FREE SONGS: Singer Adina Feldman, backed up by a vocal and instrumental ensemble, will celebrate great, contemporary female singers at Wix Auditorium at the Weizmann Institute in Rehovot on Thursday afternoon. “This is a show about singing great songs of great divas, from Aretha Franklin and Christina Aguilera to Alicia Keys, Tina Turner and Barbra Streisand,” the mezzo-soprano from New York told Haaretz. Her backup singers are Los Angeles native Melissa Kay, a mezzo-soprano with an extensive background in musical theater, and Alona Cole, a soprano who hails from Chesterfield, Virginia. “These are great women with interesting life stories,” said Feldman. “I usually tell little tidbits about each one. There are also wonderful songs about being a woman.” She added that the free performance “sends people home in a great mood for the weekend.” For more info, call the auditorium at (08) 934-3207.
100 FOR BALFOUR: While Theodor Herzl declared 150 years ago, after the First Zionist Congress, that he founded the Jewish state in Basel, the 1917 Balfour Declaration laid the practical groundwork for Israel’s establishment. On the occasion of the declaration’s centenary, the Israel, Britain and the Commonwealth Association hosts Lord Jacob Rothschild, the grandnephew of the official recipient of the historic letter, at its annual Balfour Dinner in Tel Aviv. Renee Singer of the IBCA told Haaretz that several British dignitaries extended their stay in order to attend the dinner. Some 350 guests are expected, including British Ambassador to Israel David Quarrey and Australian Ambassador to Israel Chris Cannan. The Right Honorable Lord Rothschild is the chairman of the Rothschild Foundation in Israel (Yad Hanadiv), whose contributions were instrumental in building the Knesset and Israel’s Supreme Court. His daughter Hannah Rothschild will also be present. To attend, RSVP by Sunday to email@example.com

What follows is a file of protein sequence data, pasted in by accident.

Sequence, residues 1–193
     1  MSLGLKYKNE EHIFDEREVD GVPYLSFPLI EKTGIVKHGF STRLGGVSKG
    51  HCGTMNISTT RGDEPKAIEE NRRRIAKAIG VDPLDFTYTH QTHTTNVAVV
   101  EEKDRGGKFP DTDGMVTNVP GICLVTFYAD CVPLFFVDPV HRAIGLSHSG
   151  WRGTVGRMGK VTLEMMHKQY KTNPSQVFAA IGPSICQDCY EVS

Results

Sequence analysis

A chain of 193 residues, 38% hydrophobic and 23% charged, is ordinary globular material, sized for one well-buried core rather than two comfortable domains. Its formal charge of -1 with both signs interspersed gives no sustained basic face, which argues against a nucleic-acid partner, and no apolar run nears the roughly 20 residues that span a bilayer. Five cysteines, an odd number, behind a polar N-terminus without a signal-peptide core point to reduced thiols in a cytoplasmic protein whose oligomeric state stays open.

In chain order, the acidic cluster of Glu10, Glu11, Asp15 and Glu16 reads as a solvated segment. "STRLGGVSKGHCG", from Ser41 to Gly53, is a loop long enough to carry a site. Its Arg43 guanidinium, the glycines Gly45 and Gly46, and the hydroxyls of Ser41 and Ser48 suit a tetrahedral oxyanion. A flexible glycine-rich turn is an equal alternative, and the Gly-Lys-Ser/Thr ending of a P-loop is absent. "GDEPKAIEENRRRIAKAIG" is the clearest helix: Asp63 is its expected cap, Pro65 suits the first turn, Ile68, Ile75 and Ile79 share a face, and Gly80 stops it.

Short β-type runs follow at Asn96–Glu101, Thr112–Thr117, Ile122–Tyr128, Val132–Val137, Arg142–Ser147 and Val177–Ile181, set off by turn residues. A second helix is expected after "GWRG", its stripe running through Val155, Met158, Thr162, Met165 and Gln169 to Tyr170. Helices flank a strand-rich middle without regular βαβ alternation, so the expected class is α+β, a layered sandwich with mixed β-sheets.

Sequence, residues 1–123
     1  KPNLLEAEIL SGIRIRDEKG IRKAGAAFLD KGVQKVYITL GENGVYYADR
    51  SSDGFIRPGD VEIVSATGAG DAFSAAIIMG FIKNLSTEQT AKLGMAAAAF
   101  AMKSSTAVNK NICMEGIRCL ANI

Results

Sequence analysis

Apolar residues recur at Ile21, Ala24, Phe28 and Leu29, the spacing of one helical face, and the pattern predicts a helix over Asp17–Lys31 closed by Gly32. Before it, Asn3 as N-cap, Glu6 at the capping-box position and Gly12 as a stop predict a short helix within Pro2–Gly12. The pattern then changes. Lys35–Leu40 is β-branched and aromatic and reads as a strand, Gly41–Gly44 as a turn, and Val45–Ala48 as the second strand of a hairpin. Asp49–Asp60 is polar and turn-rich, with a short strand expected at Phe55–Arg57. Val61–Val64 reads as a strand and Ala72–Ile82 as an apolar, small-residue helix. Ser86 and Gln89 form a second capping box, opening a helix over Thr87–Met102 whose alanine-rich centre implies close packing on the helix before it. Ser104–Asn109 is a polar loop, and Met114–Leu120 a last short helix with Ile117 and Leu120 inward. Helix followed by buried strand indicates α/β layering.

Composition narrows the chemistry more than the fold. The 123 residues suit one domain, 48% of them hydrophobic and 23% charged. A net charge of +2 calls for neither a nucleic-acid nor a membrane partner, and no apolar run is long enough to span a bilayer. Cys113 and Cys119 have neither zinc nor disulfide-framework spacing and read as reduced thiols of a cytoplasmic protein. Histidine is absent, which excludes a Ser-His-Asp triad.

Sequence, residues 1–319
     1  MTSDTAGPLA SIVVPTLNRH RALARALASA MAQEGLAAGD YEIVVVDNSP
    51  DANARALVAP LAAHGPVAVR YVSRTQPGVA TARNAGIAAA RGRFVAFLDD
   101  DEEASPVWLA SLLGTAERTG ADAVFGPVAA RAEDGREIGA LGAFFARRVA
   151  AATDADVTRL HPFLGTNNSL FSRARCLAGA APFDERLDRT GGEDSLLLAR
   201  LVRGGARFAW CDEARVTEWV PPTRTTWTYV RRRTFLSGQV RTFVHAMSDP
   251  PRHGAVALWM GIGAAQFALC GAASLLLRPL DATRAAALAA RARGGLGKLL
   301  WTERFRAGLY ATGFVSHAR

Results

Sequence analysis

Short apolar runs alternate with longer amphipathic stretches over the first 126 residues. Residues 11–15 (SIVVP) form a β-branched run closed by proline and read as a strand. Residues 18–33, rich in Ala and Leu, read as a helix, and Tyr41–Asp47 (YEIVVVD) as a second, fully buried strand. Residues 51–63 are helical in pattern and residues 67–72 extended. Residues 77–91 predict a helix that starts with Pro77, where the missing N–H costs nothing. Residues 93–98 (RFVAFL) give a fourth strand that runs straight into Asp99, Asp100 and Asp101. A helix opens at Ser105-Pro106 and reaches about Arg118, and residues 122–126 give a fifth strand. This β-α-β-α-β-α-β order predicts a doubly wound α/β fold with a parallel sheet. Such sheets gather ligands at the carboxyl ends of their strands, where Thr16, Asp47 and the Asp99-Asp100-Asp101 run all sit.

BALFOUR BOOK: Taking on the daunting task of writing something fresh about the 100-year-old Balfour Declaration, Jerusalem Report senior editor Elliot Jager took a different tack.”I didn’t think the world needed another academic work on the declaration,” he said of his soon-to-be-released book. “I wanted to write something accessible that would appeal to Millennials and my own Baby Boomer generation.” Jager told Haaretz that he did so by synthesizing “a great deal of information in about 200 pages” and assuming the reader “has no prior knowledge about the state of the world during the Balfour era.” The former New Yorker added that the fact that the declaration came to fruition is “something to celebrate.” Gefen Publishing will release the book – “The Balfour Declaration: Sixty-Seven Words, 100 years of Conflict” – on the 100th anniversary of the letter, November 2.
Rank and File was compiled by Steven Klein.
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